- Conform the City’s delivery regulations with state regulations with respect to operational requirements.
- Allow DCR to enter into Social Equity Agreements with a Tier 3 applicant without Commission approval.
- Clarify LAMC Section 104.20(i)(9) to state that after the term of a Social Equity Agreement is completed, a Tier 1 or Tier 2 Social Equity Applicant license holder may only transfer control or ownership of a License after first providing the other ownership interests in the business the right of first refusal to buy, at market-rate.
- Clarify the definition of limited access areas to only include those areas required under the rules and regulations of the State of California.
- Clarify that any applicant or landowner with evidence against them with respect to illegal cannabis activity at any time since January 1, 2018 will be banned from participation in Phase 3 retail and delivery processing.
- Instruct the DCR to report back at the next Rules, Elections, and Intergovernmental Relations Committee meeting with a further analysis of the recommendations for Phase 3 Storefront Retail processing and Non-storefront Retail processing, including consideration of a social equity applicant registry platform similar to the city of San Francisco.
- Instruct the DCR to suspend any Phase 3 processing until the enhanced Social Equity analysis for the San Fernando Valley, Boyle Heights, and Downtown Los Angeles is completed.
- Instruct the DCR to provide an updated map online within two weeks of the Council action with respect to the current locations of all Phase 1 and Phase 2 applicants that have received local authorization, temporary approval, or any form of local and state licensure. This shall also include an online document with respect to undue concentration areas by community planning areas, and the capacity left for Phase 3 applicants.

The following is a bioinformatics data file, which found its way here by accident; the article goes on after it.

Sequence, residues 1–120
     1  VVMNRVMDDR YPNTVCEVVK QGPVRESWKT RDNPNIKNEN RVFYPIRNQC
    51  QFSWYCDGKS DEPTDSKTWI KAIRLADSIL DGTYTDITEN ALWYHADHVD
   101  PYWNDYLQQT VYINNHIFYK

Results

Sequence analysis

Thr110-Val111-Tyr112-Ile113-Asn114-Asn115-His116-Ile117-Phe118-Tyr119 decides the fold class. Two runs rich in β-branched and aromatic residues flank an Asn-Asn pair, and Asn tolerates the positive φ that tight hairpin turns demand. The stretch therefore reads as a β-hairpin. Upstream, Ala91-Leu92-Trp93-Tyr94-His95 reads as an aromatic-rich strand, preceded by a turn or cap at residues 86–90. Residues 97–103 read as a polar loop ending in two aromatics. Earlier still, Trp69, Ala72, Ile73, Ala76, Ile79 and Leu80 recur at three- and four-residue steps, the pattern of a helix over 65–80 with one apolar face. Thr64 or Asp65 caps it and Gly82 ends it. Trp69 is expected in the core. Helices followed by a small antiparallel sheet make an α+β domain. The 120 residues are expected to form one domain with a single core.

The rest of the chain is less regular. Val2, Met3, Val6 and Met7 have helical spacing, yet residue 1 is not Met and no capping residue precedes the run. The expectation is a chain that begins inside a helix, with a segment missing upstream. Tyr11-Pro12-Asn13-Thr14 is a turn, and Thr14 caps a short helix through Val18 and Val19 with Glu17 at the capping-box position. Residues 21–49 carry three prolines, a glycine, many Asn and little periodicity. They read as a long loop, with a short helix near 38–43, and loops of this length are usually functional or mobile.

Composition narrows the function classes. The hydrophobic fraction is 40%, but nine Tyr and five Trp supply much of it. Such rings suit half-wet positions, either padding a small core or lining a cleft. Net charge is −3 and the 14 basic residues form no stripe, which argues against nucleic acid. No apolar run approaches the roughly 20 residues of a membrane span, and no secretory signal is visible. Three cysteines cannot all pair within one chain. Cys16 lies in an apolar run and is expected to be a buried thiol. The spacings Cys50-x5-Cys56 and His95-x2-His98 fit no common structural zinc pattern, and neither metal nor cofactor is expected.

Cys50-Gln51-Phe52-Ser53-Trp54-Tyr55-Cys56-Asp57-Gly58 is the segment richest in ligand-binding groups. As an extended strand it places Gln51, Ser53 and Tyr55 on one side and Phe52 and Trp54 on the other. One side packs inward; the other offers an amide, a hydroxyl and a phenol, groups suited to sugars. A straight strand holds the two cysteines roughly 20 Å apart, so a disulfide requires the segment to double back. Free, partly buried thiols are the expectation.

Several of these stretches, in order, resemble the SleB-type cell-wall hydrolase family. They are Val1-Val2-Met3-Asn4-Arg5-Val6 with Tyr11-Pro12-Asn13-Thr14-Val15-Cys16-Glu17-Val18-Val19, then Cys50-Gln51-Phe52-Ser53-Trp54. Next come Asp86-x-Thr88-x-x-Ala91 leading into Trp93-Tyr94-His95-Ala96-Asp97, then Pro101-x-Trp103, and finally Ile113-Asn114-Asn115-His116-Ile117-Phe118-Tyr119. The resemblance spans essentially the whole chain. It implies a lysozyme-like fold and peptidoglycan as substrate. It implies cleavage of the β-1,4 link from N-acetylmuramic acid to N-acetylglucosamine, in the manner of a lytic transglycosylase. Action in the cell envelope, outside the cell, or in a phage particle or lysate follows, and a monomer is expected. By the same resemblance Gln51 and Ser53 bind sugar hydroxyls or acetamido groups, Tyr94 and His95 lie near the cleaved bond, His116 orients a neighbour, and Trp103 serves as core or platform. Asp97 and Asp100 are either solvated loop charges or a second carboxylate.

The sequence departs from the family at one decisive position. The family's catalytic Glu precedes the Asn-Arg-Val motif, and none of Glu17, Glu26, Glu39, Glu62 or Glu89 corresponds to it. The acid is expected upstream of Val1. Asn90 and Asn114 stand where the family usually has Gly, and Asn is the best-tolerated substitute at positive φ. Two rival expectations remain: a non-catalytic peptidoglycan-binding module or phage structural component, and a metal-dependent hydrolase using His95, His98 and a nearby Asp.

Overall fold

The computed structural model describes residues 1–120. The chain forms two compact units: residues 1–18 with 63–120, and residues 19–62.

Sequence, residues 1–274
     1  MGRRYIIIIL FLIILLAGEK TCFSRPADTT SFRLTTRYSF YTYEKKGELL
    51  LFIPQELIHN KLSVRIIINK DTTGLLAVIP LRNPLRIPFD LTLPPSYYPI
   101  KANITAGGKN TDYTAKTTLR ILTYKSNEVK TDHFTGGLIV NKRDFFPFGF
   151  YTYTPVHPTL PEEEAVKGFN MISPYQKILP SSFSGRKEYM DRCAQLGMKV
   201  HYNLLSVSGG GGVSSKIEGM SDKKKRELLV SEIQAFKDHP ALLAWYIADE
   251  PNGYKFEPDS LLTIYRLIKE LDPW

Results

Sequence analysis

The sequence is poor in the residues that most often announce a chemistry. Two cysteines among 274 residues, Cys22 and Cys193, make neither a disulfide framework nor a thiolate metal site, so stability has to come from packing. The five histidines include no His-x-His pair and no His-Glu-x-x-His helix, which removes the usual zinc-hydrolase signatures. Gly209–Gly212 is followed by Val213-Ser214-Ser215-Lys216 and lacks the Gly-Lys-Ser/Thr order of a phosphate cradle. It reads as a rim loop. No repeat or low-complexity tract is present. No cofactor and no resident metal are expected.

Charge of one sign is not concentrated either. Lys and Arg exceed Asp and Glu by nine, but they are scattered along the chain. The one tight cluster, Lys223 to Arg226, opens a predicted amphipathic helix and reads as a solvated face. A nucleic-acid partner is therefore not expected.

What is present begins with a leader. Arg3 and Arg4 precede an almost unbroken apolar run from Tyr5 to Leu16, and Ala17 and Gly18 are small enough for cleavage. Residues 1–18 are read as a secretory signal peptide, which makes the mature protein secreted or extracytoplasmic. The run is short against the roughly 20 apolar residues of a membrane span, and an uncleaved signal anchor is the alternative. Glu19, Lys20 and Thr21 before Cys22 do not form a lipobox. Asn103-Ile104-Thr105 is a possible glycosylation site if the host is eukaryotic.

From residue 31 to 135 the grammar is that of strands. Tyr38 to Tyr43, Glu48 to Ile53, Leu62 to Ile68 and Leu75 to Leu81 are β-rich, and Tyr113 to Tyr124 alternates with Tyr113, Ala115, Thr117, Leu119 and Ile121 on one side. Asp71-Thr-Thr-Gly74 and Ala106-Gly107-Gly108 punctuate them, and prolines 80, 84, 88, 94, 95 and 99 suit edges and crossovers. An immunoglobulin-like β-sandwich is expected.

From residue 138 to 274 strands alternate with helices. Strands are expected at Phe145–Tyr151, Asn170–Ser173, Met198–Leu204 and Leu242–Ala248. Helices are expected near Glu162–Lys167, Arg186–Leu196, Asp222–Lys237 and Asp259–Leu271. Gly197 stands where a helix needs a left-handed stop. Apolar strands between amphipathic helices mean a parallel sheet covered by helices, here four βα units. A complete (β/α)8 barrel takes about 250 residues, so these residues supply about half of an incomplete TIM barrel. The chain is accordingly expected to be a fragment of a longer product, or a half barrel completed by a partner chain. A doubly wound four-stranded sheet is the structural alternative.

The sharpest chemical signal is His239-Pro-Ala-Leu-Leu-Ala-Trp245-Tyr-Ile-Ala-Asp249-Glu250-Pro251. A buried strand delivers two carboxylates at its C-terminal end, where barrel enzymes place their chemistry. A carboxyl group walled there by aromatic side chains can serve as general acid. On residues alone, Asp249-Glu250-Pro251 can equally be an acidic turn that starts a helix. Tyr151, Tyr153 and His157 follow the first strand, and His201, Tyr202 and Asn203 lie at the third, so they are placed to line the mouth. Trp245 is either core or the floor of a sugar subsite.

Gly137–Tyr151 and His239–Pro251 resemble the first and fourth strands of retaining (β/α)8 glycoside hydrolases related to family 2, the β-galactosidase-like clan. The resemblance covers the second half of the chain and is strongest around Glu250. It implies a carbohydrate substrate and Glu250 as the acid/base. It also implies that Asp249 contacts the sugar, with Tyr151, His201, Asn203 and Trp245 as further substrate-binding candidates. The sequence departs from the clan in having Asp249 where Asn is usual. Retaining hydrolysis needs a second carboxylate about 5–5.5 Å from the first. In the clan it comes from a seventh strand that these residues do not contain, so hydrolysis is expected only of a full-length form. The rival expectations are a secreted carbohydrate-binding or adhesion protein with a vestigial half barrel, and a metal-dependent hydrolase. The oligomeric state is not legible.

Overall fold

- Instruct the Department of City Planning (DCP) to include amending the pending draft ordinances pertaining to cannabis in conformance with state regulations with respect to alleyway access, ingress, egress, and door location.
- Instruct the DCP to include amendments to the pending draft ordinances pertaining to cannabis in a similar manner to the City of Seattle, Washington in which two retail establishments may co-locate within 1,000 feet of each other, and the next retail establishment must be 1,000 feet away from both retail establishments.
- Instruct the City Clerk to hold Council File No. 14-0366-S5 open and active, including the DCR report on file, for further deliberations by the Rules, Elections, and Intergovernmental Relations Committee.
Currently, anyone with a driver’s license can purchase marijuana in California. The state is one of 11 that currently allow for legal recreational sale and use. In 1996, California became the first state to legalize medical cannabis, which incited a trend that quickly spread across the nation. It wasn’t until 2012 when Colorado and Washington became the first states to legalize cannabis for recreational use, followed by Nevada, Maine, and Massachusetts and California in 2016.
California has historically been a trendsetting when it comes to lawmaking, which is why the Los Angeles Department of Cannabis Regulation decision is big news for the cannabis and CBD industry.